Friday, June 10, 2011

Gettysburg "Fish Hook" Drawings

An example of a print of John Bachelder's Map of Gettysburg. The Library of Congress, describes the map as: “Colored bird’s-eye view showing the topography of the battlefield by the perspective of the drawing, shading and coloring. Drainage, vegetation, roads and streets, railroads, bridges, houses and names of residents, fences, points of interest on the battlefield, including designations of places where officers were killed or wounded, are indicated. ….The locations of the corps, divisions, brigades, etc. of both armies, with the names of commanding officers, are given in detail. Badge symbols are used to identify the Federal corps.”
My unfinished copy of the Bachelder map from 2010. Oil on canvas 53"x36". This approach led to a dead end or did it.
I’ve been working on creating a representation of the Gettysburg battlefield for quite a while. It’s a massive on going project, with so many directions to explore. This particular series has a starting point with the wonderful map by created by John B. Bachhelder in 1864. I have always enjoyed “bird-eye” views of landscapes and battles. This was a common way to depict landscape popular in the 19th century. I am hopping that a similar approach might be interesting to work on.  However, I was missing a framework on which to base my interpretation on. I came up with working with the famous “Fish Hook” element that the Union line held for most of the battle.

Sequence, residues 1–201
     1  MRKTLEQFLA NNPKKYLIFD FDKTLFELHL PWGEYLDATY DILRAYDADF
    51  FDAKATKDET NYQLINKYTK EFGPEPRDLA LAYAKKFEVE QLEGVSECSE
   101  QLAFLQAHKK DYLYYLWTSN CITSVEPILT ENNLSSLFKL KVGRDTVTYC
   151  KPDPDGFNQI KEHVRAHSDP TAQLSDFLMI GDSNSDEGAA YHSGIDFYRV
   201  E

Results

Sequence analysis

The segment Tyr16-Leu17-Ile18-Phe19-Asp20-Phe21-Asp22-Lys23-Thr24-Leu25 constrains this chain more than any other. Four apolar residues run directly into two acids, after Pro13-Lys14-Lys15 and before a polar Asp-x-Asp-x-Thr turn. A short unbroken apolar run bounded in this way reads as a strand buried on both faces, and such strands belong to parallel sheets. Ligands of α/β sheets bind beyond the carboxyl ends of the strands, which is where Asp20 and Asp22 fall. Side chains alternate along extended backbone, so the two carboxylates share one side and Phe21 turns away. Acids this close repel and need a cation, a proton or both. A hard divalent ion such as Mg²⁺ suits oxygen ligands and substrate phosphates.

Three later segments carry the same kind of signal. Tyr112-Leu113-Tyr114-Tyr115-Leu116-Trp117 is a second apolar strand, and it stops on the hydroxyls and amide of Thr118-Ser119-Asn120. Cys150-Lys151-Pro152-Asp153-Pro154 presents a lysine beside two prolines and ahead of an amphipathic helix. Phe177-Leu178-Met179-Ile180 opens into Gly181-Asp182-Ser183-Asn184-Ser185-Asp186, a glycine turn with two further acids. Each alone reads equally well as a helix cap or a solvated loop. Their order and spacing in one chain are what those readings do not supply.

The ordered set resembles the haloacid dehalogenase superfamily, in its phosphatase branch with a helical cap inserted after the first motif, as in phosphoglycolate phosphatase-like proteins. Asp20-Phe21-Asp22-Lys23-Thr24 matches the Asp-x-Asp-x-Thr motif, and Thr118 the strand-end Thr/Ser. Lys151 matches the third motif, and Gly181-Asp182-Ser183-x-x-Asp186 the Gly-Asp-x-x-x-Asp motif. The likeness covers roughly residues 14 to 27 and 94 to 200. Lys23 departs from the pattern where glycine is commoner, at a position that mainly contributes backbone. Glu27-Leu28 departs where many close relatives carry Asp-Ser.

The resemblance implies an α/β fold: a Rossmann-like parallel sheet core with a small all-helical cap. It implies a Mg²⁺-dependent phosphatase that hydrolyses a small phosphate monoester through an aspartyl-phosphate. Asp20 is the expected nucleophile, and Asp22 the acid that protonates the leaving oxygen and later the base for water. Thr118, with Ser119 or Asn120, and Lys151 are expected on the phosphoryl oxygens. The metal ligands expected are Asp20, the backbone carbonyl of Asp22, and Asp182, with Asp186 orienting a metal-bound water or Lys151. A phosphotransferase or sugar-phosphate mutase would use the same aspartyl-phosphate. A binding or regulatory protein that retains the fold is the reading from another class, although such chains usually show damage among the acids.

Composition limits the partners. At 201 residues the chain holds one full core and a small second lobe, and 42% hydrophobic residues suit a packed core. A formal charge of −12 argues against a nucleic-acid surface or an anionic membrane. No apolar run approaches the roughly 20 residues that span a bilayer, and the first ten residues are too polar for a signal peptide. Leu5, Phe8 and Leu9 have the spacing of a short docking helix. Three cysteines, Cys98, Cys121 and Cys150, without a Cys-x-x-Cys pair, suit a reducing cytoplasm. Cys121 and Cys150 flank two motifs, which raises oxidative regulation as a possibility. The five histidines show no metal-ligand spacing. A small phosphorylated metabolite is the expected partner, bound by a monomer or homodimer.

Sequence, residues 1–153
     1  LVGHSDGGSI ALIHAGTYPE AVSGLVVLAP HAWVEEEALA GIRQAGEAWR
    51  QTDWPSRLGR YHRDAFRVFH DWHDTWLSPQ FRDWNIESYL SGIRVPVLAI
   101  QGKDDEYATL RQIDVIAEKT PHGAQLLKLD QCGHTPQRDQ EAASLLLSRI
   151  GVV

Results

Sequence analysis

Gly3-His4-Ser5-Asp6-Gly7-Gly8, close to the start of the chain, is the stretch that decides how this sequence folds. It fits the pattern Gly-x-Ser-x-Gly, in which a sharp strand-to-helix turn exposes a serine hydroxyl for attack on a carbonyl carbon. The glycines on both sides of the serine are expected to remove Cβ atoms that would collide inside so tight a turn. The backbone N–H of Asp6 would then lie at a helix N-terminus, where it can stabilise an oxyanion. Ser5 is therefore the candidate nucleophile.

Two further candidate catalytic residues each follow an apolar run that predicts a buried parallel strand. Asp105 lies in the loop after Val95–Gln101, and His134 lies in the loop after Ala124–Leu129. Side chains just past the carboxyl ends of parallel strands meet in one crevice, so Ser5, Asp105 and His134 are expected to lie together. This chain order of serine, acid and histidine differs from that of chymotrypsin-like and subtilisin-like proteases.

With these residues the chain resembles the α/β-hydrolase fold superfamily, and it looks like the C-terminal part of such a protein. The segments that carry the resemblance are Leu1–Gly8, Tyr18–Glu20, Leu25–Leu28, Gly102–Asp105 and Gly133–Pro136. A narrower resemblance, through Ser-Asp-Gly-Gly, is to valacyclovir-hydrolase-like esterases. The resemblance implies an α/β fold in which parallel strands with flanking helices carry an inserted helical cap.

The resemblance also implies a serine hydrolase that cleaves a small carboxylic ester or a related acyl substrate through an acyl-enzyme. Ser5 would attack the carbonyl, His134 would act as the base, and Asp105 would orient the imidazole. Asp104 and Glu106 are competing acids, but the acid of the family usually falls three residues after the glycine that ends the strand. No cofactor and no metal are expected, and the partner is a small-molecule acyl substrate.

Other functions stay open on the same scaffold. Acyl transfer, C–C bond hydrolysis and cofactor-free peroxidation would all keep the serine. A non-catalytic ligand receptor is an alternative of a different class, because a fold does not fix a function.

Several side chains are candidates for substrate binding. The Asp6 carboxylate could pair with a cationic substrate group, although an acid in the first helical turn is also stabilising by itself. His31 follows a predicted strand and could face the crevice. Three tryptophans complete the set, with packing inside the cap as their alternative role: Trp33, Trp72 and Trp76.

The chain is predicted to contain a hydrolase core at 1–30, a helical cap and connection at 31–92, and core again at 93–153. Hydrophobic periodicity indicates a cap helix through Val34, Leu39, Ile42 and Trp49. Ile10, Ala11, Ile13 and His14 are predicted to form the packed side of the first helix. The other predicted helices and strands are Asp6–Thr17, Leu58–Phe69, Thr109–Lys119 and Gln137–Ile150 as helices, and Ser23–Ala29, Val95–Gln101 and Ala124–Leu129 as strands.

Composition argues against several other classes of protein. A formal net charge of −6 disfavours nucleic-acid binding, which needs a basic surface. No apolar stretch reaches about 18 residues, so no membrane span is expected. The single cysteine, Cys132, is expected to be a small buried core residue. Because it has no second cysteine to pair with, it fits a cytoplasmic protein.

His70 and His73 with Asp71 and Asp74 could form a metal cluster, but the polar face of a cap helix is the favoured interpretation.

From this concept I came up with two basic compositions. One looking east from the view of the center of the Confederate Army facing the Union army. The other view I like is looking south with Culp’s Hill in the foreground. This view gives an enhanced sense of perspective and space.Once again I’m working on my favorite paper shopping bags. They are cheap and relatively durable. I am always looking for things that are in my environment that I can use for creating artwork. Re purposing these bags fit my needs for cheap paper quit nicely. More importantly I can create more freely and take more chances with this work, knowing that I have a large stack of paper on hand.